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I am very cloce to purchasing my 4c. I tend to use my money wisely and not spend my money on assets that will greatly depreciate in the long run. My other "toy" cars reflects that mentality. With that said...

What do you guys think in terms of depreciation on the 4c? It's a relatively new car and it depreciated almost $20k in just few years. I tend to think that it will follow Lotus Elise value trend and stabilize in low $30's in say 3-5 years and stay that way for years to come. With it having the italian flavor and carbon tub I feel like it might have a tiny bit of edge over Lotus but what is your take on this matter? Where do you think majority of 4C will be priced at in a long run, say 10-15 years from now?

IIt's always nice to have a piece of mind knowing that it's money spent wisely in case of emergency or when it's time for a change. Think buying a new Corvette as a polar opposite.
 

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Buying a 4C isn’t a ‘careful with money‘ choice. Mechanically it’s solid but some body parts are very expensive. Insurance isn’t cheap but a lot better than you might expect. Don’t crash it either. Good ones will always fetch a premium but it won’t be too difficult to tart one up if it becomes tatty with use.

No idea with values but my guess is those in the know realise what a gem of a car it is. There have been a few articles about the 4C in our SMH online newspaper Drive supplement and I‘ve spent a little time with the know-all trolls, responding to their derisory comments about our cars. Someone had to do it. The point is there’s lots of negativity out there which will persist if owners don’t stand up to it. Value is all about perception. It may increase sooner than you think after the initial depreciation period now that production has ceased.
 

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The cheapest 4C I saw a really high mileage (75k+) one go for $28k in California. Most I've seen for sale don't last at mid-high 30's.

I recently bought a modified LE from a forum member, and I'm betting 4C's stay above mid 30's for clean examples. Exotic, low production volume, CF tub, etc. There is nothing else really like it on the road at this price point.

That being said, I bought it for my enjoyment and not for the next owner -- I have no problem stacking miles on mine. :p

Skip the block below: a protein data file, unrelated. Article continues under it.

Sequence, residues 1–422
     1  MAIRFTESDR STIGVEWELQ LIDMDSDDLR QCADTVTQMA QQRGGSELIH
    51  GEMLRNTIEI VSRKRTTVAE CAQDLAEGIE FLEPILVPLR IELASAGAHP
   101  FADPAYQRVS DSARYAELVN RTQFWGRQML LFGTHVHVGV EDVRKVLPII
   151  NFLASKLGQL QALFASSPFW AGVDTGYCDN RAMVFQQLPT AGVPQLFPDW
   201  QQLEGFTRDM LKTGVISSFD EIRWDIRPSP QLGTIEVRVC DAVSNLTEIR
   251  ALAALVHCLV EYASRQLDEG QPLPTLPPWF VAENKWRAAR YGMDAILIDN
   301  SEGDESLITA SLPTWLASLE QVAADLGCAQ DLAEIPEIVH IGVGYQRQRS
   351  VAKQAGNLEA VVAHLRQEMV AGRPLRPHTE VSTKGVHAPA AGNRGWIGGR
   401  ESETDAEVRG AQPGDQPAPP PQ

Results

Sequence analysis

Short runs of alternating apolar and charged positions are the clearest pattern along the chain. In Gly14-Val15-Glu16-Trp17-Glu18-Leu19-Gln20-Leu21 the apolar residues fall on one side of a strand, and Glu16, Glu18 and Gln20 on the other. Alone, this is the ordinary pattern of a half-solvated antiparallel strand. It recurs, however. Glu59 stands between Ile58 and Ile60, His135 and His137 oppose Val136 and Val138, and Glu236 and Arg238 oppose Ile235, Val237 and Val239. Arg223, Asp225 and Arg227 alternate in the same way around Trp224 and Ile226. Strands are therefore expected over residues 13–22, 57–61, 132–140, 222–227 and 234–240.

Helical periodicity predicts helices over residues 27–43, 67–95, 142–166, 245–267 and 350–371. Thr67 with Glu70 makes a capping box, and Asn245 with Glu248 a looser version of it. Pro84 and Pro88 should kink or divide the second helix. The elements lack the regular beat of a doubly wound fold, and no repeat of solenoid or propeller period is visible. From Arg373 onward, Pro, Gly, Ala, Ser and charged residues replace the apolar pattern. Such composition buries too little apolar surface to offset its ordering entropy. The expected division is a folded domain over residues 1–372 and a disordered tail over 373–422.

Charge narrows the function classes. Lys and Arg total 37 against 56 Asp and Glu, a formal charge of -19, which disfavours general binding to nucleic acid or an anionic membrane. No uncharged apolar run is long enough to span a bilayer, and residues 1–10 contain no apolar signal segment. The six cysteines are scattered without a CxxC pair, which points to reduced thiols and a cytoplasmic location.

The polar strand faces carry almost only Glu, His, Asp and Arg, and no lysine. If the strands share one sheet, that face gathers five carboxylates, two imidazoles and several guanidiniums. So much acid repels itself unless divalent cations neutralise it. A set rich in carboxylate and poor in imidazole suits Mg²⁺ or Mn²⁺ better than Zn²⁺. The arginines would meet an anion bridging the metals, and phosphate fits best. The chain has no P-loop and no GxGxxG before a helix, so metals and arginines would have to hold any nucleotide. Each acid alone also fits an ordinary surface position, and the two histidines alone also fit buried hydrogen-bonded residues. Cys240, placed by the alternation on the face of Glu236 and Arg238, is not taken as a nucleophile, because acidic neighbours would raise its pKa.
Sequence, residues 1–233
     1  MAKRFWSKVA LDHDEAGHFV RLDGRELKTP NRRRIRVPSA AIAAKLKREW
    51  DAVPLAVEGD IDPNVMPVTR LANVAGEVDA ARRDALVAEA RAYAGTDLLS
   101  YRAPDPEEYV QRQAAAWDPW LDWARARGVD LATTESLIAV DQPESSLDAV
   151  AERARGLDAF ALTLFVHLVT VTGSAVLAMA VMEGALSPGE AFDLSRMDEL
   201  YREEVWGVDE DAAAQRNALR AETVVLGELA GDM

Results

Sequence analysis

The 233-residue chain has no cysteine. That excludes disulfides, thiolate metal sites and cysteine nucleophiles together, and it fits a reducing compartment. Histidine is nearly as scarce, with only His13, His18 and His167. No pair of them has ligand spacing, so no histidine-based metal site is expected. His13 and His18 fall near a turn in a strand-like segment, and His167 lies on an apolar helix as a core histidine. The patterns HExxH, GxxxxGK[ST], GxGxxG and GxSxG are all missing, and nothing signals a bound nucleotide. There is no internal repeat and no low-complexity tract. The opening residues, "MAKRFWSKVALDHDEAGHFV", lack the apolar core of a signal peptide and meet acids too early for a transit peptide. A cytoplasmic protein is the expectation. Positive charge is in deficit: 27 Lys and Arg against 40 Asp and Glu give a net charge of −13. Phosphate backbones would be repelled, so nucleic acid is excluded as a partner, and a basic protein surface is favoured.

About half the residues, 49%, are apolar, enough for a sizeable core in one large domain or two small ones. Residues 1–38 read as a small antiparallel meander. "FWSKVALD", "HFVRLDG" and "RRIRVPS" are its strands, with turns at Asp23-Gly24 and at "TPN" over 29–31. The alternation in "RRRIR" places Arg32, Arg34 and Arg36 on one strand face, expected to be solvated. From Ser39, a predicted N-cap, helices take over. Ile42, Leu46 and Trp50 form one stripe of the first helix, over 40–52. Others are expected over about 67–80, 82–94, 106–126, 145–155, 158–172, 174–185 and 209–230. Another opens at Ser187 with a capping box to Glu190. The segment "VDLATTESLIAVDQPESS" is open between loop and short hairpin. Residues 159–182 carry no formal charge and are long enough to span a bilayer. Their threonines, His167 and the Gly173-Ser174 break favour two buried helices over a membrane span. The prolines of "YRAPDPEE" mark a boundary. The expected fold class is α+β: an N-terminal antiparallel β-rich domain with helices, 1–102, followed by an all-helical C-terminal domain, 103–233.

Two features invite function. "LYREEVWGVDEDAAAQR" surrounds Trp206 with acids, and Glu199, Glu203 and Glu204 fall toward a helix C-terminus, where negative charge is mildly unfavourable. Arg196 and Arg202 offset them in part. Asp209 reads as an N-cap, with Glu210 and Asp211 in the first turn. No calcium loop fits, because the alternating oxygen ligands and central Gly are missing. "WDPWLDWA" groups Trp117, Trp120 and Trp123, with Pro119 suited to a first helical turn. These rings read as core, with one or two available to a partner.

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With the low volume of sales, unique features such as Carbon tub and the fact that it's so different. Not to mention the timeless shape. It's hard not to imagine the 4C could in 10-15 years be very sought after. Over an even longer period they could go crazy !!! Just look what Ferrari Dino's fetch now. I know there are 4Cs that dealers can't shift, but there were original AC cobras in the 1980s that you could buy for under £10k, Old porsche turbos were cheap in the 90's, and i nearly bought a Lamborghini Contach in 2000 for £35k. My old Lotus Elan S4SE would be £35-£40k now and i bought that for £1350.00. My bet is the 4C will not drop much below current prices and then start climbing. Also as Alfa stopped making Coupes first, they may be more sought after than Spiders. Well they do look better !!!!! (And that's what i have Of Course.)
The other consideration is that with the advent of the electric car, a lot of fossil fuel cars will disappear and only the special ones will be kept ? That will have some future effect for sure.
 

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As a mid to long term investment I would give the 4C some potential and in Europe it is already now difficult to find well equipped cars below 50 kEuro.
A case of emergency should never be covered by a car imho.
 

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This is an easy question ... the best time to buy a 4C is now in the past (about 6 months ago) ... good ones (under 20K miles) bottomed in the low 40's ... higher milage ones (20-50k miles) bottomed in the upper 30's. You may see a really high milage (50-100K) in the mid to low 30's ... but they are usually in rougher condition. The example that went for high 20's was very high milage and had paint issues, worn interior, and had questionable history ... not something very desirable.
Prediction .... these cars will only go up from here! Low production ... swoopy body ... quick ... reliable ... true drivers car ...
 

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The 4C is a rare car mostly due to purposeful limited production and a niche buyer. The tub, exotic looks, and single minded vision for this car add up to future demand. Nice examples will hold their values nicely. Like you ... I usually purchase cars AFTER they have depreciated (usually 1-2 yr old examples). But I bought the 4C NEW and have no regrets. I plan on keeping mine for a LONG time.